TTSS

 

when i first read tomas alfredson was set to direct TTSP, i was already conjuring up images of a moody quiet thriller punctuated with bursts of controlled violence.  if you haven't seen let the right one in then do so immediately. in my mind it is possibly the most perfect on screen realization of the modern vampire.  in TTSP he employs the same sort of tight dark control over his subject matter. alfredson's monochromatic london has a similar feel to his suburban sweden, but it really works. there is a gritty dirty quality.  an inner world created in a public space between those that share a secret and those who do not.   the use of color really struck me as well.  despite such an earthy somber palette, his characters both embody their surroundings and stand apart from them.  encased within an overarching sense of moral ambiguity, you get the sense that as long as they exist in an office, these bureaucratic spies would be at home anywhere in the world.  and of course- gary oldman is a total bad ass in glasses.

inception.lucid dreaming

when idries shah, the preeminant sufi teacher was asked to name "a fundamental mistake of man's," he replied, "to think that he is alive, when he has merely fallen asleep in life's waiting room."

- from exploring the world of lucid dreaming

"dreams, they feel real while we're in them right?. it's only when we wake up do we realize something was actually strange." -dom cobb, inception

when i first saw inception a few years ago, like many people, i was quite taken in by it. i recall thinking at the time that the film felt like a bit of a visual effects game changer in the way the matrix was ten years prior. i still feel that way. both films presented visual effects that were unusual and innovative and wove these effects into a story line in such a way that the results were completely psychologically immersive. the so-called "wizardry" of both bullet time and bending cities have now become iconic. but their emotional resonance within the films endure. i felt this was more than computer graphics posturing. they were and and remain examples of what can be achieved when vfx are allowed to move beyond the literal and into the abstract dream state.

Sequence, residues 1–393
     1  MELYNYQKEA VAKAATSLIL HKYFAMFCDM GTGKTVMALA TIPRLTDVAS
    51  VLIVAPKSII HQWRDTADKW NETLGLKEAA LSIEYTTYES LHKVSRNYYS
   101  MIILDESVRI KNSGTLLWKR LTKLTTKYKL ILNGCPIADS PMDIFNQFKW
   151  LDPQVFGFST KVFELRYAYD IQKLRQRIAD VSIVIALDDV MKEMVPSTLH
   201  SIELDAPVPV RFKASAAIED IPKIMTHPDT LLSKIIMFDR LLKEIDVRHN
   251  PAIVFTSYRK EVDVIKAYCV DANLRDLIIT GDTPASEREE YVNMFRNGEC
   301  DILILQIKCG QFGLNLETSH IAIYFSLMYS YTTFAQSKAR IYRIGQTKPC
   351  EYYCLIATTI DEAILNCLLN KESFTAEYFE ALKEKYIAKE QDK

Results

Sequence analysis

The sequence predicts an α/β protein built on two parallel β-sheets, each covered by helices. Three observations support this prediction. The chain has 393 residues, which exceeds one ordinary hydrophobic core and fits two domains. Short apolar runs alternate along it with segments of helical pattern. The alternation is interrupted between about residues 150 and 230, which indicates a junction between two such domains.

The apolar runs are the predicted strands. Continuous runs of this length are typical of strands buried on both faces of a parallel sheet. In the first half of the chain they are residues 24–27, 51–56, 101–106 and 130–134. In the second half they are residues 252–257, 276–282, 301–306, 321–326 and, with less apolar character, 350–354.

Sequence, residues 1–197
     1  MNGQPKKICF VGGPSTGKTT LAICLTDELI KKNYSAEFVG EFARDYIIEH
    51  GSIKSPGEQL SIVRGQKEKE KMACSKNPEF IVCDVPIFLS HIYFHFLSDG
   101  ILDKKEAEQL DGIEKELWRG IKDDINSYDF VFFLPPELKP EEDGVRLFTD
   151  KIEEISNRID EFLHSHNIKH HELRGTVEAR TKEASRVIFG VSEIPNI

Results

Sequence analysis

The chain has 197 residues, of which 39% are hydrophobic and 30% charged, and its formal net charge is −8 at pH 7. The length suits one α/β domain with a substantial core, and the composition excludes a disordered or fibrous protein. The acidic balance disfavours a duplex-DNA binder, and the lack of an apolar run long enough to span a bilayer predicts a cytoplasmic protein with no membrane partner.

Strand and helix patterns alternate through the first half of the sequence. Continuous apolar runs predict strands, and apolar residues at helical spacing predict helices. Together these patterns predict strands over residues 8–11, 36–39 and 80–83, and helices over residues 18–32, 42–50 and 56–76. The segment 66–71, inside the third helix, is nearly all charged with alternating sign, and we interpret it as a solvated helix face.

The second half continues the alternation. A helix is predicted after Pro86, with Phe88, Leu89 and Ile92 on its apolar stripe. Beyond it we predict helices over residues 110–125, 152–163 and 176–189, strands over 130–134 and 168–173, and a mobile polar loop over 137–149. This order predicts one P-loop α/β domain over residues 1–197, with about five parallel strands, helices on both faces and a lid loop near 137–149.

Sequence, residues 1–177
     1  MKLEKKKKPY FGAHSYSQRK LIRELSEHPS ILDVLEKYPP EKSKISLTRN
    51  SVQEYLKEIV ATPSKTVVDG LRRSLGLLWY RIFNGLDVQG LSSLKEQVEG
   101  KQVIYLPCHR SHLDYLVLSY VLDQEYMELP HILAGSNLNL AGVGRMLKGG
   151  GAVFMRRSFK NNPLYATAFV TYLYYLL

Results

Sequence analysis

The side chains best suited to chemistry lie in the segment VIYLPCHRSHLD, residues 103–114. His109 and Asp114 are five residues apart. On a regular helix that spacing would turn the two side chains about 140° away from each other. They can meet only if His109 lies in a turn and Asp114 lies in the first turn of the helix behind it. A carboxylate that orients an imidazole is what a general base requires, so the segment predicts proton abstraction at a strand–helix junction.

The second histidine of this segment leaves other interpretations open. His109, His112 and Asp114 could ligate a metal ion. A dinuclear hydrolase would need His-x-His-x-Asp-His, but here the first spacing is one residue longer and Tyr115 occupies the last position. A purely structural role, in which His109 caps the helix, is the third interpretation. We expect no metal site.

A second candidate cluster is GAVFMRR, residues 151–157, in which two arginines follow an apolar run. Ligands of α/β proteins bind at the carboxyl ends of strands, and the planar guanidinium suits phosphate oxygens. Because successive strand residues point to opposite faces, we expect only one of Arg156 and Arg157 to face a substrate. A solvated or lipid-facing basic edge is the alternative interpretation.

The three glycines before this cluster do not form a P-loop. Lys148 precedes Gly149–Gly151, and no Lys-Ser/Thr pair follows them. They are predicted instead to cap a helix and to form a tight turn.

i started thinking about inception again because, like the matrix it draws on some well known philosophical concepts towards constructing a pop oriented interpretation. to this end, the film's use of lucid dreaming theory and research is pretty well known.  having recently begun reading stephen laBerge's book on lucid dreaming however, i find the film's premise even more intriguing.  certainly the film posits some far out concepts. but in principle, the idea that we can achieve greater self awareness and reprogram ourselves in a waking state through lucid dreaming [in other words, inception] is entirely plausible as it turns out. at the moment i am only in the first phase  of the book which focuses on accurate dream recall. but stay tuned for future lucid dreaming updates...